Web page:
On 5/30/04 at 2:48 PM -0400, Cyrus Daboo wrote:
--On Sunday, May 30, 2004 01:06:12 PM -0500 Pete Resnick
pc1 does not retain any messages. Repeated readings of the same
message require repeated retrievals from srv1.
This would make for an amazingly stupid POP client, a somewhat
stupid IMAP client, and a use of a local access client that would
piss-off some sys admins.
No! There is a well defined usage case for this: kiosk clients that
do not leave messages behind in a local cache. This is vital for any
public access email stations.
Even for kiosk clients, having temporary local storage (memory or
disk) for repeated readings of the same message during a single
session I would think is pretty common. I suppose there are
situations where you would not have enough local storage to even do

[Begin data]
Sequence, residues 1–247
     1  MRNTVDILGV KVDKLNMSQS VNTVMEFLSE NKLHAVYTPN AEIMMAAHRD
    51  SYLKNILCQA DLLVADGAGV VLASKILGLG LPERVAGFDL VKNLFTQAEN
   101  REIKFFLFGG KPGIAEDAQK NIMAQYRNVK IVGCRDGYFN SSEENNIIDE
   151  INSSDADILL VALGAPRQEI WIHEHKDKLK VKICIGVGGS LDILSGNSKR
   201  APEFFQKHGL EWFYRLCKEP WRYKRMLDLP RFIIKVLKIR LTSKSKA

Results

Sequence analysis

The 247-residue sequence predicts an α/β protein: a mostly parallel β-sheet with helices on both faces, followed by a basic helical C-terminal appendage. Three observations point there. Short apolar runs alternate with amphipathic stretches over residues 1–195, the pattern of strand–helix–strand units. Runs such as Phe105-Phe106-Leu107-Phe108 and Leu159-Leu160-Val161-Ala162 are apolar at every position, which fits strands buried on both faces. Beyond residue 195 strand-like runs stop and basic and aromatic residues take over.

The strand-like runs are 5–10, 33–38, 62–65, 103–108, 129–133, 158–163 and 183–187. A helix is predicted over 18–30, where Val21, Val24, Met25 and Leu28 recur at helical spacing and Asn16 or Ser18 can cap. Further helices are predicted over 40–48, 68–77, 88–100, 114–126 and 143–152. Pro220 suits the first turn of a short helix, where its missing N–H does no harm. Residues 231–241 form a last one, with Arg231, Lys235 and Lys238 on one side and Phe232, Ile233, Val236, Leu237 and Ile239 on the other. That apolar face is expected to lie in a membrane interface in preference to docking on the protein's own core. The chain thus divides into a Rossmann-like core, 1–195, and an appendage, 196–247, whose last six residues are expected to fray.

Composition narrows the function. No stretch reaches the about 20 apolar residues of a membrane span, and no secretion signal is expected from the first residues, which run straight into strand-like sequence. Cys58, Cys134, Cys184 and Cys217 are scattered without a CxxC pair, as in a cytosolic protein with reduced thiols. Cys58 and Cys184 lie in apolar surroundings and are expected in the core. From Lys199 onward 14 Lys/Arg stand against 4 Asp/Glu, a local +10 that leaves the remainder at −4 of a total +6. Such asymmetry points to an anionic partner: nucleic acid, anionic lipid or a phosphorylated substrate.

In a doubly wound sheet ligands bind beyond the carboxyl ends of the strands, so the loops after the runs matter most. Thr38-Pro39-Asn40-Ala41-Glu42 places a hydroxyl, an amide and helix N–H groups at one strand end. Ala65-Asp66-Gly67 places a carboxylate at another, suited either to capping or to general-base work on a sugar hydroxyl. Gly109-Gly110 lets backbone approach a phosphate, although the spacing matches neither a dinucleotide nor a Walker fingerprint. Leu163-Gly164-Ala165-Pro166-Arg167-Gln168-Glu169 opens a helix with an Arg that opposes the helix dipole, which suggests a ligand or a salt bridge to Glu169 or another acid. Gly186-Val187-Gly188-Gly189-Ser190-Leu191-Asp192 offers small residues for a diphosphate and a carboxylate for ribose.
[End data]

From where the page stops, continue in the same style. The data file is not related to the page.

that, but I would stand by my claim that such a client wouldn't be
terribly intelligent: You don't want to have to re-parse the MIME
every time a user re-opens a message. Perhaps that's what's done in
some cases, but it doesn't seem like the best way to implement it.
In no case was I saying that kiosk mode was stupid.
There is a third option: messages kept on both server and client
Again, I would claim that architecturally, this is identical to the
other two: The message is delivered into the Message Store, at which
point the UA accesses and manipulates that store, either with a
protocol like POP or IMAP, or directly like /bin/mail. The details of
the manipulations, and the richness of the interactions, are all part
of the UA/MS interaction.
Pete Resnick <http://www.qualcomm.com/~presnick/>
QUALCOMM Incorporated - Direct phone: (858)651-4478, Fax: (858)651-1102